Low Carb Diets and Why They Work

I have recently returned from a trip to Taiwan where everyone seemed obsessed by the Keto Diet. For those not familiar, this diet, favoured by celebrities such as Kim Kardashian and Megan Fox, is a high-fat, very low-carb regime.

The idea is that eating minimal amounts of carbs will force your body to burn fat instead by turning fatty acids in your blood into ketone bodies.

The body (and brain) then uses these as fuel instead of glucose from carbohydrates.

In a recently published study, patients following low easily digestible carb advice lost almost 1½st on average, and 6in around the waist

So, what is Keto?

Keto is a jazzed-up version of the age-old low-carb, high-fat approach, which was first written about by undertaker William Banting more than 150 years ago.

Banting, who was 5ft 5in and 14st, wrote a booklet entitled Letter On Corpulence, which detailed his attempts to tackle his obesity by eating a low-carb diet (though he didn’t call it that). He gave up sugar, potatoes, beer and bread and instead stuck largely to meat, greens, fruits and dry wine. He lost 3st in a year, and his book became a bestseller.

And so the low-carb diet was born, popping up in a host of variations throughout history (the Atkins Diet, for example). They are not greeted with much enthusiasm by doctors or dieticians as you have to eat a lot of fat. Clinical trials, however, consistently show that low-carb diets are effective for weight loss, over and above low-fat diets.

Are all carbs bad?

But not all carbs are created equal; just as there are good fats and bad fats, there are good carbs and bad carbs. The trick is not to cut carbs completely, but rather to be choosy about the ones you regularly eat. If you want to try going lower-carb then white bread, white pasta, potatoes and sugars, including maple syrup and agave nectar, are best eaten sparingly, if at all. They are easily digestible carbohydrates, meaning they are rapidly absorbed by the body, creating a big spike in your blood-sugar levels.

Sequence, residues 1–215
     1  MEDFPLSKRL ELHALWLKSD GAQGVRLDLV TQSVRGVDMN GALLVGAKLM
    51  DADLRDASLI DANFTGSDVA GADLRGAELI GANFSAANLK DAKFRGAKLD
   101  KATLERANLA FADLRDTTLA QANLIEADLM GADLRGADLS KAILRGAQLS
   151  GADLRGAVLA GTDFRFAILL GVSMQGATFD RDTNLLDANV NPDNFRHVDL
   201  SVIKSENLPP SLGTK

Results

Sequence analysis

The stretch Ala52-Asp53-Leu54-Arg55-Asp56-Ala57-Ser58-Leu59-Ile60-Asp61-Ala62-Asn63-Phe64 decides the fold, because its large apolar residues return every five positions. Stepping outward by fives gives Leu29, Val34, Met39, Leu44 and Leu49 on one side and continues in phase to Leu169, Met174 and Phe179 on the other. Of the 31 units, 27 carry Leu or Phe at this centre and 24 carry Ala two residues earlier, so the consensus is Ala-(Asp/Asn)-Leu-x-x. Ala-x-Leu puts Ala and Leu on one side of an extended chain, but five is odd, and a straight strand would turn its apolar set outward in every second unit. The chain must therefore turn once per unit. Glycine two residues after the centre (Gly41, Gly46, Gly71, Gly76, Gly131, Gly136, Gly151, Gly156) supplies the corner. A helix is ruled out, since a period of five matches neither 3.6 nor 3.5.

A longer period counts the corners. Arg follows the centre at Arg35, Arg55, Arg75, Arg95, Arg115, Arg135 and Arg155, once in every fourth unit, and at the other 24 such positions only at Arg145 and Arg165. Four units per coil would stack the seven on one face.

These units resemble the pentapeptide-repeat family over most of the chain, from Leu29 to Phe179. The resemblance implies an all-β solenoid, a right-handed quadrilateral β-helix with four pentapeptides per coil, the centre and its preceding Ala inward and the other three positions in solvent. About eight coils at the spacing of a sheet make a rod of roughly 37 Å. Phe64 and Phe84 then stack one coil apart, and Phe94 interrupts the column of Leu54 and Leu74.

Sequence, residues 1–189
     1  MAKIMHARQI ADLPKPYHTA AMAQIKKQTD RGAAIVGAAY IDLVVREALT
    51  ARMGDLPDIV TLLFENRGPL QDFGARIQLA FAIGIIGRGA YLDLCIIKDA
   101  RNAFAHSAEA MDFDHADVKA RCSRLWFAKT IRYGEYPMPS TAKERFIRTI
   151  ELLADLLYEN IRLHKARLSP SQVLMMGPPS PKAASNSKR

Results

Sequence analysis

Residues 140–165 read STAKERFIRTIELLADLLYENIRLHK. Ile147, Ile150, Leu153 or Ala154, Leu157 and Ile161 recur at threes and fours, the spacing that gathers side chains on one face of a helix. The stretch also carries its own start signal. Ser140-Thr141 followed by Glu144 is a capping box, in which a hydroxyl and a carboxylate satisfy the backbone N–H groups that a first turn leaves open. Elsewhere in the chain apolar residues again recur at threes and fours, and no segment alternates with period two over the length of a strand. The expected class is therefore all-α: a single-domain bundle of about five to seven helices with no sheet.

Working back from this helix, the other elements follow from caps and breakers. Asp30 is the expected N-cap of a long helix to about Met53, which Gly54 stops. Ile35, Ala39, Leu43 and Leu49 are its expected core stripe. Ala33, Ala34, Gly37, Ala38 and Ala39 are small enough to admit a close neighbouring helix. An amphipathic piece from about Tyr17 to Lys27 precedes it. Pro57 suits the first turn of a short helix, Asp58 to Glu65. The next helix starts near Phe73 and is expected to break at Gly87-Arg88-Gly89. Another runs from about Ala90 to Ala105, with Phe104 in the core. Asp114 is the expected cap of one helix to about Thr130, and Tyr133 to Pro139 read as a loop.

Instead, eat carbohydrates that contain lots of fibre. Fibre reduces the blood sugar spike, provides protection against bowel cancer and feeds the ‘good’ bacteria that live in your guts. Examples include vegetables, legumes – chickpeas and lentils – and wholegrains such as barley, oats, buckwheat, and wholegrain and rye.

A sensible approach to a low-carb diet has been developed and tested by Dr David Unwin, a GP in Southport, who tweets as @lowcarbGP.

David, winner of the NHS Innovator of the Year award, recommends his overweight patients try to cut out sugar and cut down on white (easily digestible) carbs such as bread, pasta and rice. He recommends eating plenty of blueberries, strawberries and raspberries, which are relatively low in fruit sugar, and green vegetables, protein, butter, full-fat yogurt and olive oil to retain fullness.

In a recently published study, patients following his advice lost almost 1½st on average, and 6in around the waist. There were big improvements in blood pressure and cholesterol levels too, and many of those with type 2 diabetes were able to come off medication. His GP practice is now saving more than £38,000 a year on its diabetes drug budget alone. Not bad for a ‘fad’ diet…

Second-day pasta can keep off the pounds

One way to reduce blood-sugar spikes after you eat carbs such as pasta, potatoes or rice is to cook, cool and then reheat them. This was first shown a few years ago when Dr Denise Robertson, of the University of Surrey, asked volunteers who had fasted overnight, to eat pasta with a tomato sauce for breakfast for an experiment.

The volunteers either got the pasta hot, cold and or reheated. She discovered that cooking, cooling and reheating the pasta had a dramatic effect, cutting the average rise in their blood sugar levels by 50 per cent. That’s because it changes the structure of the starch in the pasta, making it more resistant to digestive enzymes, so you get smaller blood-sugar spikes. Less of this ‘resistant’ starch is digested, leaving more to travel down and feed the ‘good’ bacteria in the large intestine.

Since that experiment, a group in Sri Lanka have done something similar with rice. They found that if they cooked rice with coconut oil, cooled it, then reheated it in a microwave, they could increase the levels of resistant starch 15-fold. Animal experiments suggest eating rice this way halves the number of calories you absorb. At the very least it is a good excuse to use up leftover pasta or rice in the fridge.

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